Prime Minister Stephen Harper addresses his caucus on the one year anniversary of winning his majority government, on Parliament Hill in Ottawa, May 2, 2012.
Credits: CHRIS ROUSSAKIS/QMI AGENCY
OTTAWA - The Conservatives and NDP used the anniversary Wednesday of last May's election to set out their ideological visions for Canada.
Prime Minister Stephen Harper said his was about polishing policies to secure Canada's place in a fragile global economy.
"The financial and debt crisis of the past few years may not in many countries be a passing phenomenon," Harper warned in a speech to caucus to mark the Conservatives' milestone majority.
"World economic power and wealth are shifting in a way that is historic and we, as Canadians, must decide that we will be on the right side of that history."
NDP Leader Thomas Mulcair said his plan forward was about wooing "progressives" - in other words, Liberals - to topple Harper in 2015 and restore Conservative program, pensions and tax cuts.
"Today is the end of the beginning for our new team, but more importantly it's the beginning of the end for a government that thinks it can ignore the voices of millions of Canadians," he said.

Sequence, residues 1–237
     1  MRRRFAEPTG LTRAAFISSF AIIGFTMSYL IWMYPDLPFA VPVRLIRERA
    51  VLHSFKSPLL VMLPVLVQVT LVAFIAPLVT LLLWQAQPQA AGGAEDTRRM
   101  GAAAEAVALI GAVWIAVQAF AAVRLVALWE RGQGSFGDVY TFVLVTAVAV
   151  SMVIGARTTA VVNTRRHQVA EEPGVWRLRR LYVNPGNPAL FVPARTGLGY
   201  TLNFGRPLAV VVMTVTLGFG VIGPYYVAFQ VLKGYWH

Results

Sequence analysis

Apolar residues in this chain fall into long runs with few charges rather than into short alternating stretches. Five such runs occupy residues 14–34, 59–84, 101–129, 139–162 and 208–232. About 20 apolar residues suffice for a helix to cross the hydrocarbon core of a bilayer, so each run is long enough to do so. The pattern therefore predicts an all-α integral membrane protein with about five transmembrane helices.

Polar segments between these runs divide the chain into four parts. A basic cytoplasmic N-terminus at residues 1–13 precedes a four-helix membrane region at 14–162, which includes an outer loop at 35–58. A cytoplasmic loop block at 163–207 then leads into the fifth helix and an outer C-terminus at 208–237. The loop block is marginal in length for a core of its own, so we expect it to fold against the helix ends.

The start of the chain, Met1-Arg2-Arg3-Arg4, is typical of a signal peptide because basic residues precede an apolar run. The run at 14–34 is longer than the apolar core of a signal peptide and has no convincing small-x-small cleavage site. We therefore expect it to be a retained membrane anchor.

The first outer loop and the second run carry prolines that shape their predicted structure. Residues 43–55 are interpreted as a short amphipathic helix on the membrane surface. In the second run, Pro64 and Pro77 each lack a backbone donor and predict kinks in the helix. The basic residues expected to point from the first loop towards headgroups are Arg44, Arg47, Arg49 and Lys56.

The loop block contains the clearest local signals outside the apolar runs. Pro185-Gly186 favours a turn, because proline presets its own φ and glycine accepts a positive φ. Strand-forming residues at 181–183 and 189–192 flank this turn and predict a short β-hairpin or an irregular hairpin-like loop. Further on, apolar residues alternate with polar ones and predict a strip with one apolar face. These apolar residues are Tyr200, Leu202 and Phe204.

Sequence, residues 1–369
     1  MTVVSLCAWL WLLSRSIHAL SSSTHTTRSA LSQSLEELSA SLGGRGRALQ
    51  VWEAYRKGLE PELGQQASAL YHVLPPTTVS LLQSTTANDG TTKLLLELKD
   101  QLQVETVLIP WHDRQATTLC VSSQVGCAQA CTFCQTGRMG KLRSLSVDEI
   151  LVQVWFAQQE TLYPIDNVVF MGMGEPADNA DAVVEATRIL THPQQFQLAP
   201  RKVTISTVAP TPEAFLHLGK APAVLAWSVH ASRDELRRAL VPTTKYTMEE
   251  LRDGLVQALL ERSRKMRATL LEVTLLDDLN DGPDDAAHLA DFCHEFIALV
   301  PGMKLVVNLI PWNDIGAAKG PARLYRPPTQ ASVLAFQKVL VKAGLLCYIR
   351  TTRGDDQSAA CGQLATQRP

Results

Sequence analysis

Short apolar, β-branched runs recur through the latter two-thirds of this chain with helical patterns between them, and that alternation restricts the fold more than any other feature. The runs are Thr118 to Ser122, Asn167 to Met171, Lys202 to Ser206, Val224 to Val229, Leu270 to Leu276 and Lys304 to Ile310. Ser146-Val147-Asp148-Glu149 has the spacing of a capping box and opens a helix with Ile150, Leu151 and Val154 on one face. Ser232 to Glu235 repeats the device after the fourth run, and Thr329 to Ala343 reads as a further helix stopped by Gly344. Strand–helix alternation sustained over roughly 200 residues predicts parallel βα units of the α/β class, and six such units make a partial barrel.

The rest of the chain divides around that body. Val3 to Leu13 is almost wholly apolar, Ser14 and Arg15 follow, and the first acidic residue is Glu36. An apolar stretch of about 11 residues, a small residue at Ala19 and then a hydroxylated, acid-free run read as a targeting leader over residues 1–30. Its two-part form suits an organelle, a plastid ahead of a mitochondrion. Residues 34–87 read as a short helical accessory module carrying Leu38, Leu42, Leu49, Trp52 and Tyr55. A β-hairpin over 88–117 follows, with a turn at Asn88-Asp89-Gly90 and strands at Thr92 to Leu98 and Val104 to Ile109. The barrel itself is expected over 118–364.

Both parties pulled off historic feats last year - the Conservatives winning their first majority under Harper and the NDP forming the official Opposition under Jack Layton.
Mulcair painted the Conservatives as uncaring to women, seniors, aboriginals, and unions and one "plagued by scandal and mismanagement" with a hidden agenda to outlaw abortion.
He repeated his pro-environment party's anti-war mantra and how it would pull Canadian troops out of Afghanistan.
Harper boasted his party was the only one with a serious workable economic plan and not "pie-in-the-sky" promises.
"A majority mandate cannot change who we are and how we govern. Our values are our values," Harper said, adding he'll use his majority to focus on the longer term.
He recommitted to speeding up environmental reviews for major projects, including a pipeline to the Pacific to ferry Alberta crude to Asian markets.
He said changes to Old Age Security and rewriting the formula to stream money to the provinces for health care will help "sustain the welfare and security of future generations" well beyond his government's time in office.
"Canada is the best country in the world. Our ancestors have seen to that. Let's get back to work to ensure that under our stewardship, it will always remain so."